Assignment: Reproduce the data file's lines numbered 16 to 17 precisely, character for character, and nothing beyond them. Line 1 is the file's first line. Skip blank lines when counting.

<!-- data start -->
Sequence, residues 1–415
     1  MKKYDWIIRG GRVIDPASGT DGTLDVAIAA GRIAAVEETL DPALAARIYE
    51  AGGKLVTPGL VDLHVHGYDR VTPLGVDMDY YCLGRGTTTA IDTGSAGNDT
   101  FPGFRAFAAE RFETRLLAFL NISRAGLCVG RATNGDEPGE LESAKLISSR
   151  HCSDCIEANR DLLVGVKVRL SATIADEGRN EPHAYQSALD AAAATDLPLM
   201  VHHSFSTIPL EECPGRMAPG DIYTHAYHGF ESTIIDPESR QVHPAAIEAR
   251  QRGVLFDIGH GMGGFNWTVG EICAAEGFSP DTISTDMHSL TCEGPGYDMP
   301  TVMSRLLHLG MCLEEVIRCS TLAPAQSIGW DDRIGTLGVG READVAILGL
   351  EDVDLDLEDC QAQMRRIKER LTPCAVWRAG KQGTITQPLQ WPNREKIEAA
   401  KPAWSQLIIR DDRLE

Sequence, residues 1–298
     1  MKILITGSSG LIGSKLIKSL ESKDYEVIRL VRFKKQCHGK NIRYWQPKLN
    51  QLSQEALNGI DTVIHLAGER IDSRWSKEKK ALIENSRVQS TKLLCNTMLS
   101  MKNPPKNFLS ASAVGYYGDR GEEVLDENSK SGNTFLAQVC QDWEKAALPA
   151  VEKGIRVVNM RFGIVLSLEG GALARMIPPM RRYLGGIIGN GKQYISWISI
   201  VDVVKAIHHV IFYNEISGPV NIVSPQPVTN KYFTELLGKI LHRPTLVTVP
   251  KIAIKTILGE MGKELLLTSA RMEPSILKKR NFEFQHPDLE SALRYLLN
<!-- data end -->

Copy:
   201  VDVVKAIHHV IFYNEISGPV NIVSPQPVTN KYFTELLGKI LHRPTLVTVP
   251  KIAIKTILGE MGKELLLTSA RMEPSILKKR NFEFQHPDLE SALRYLLN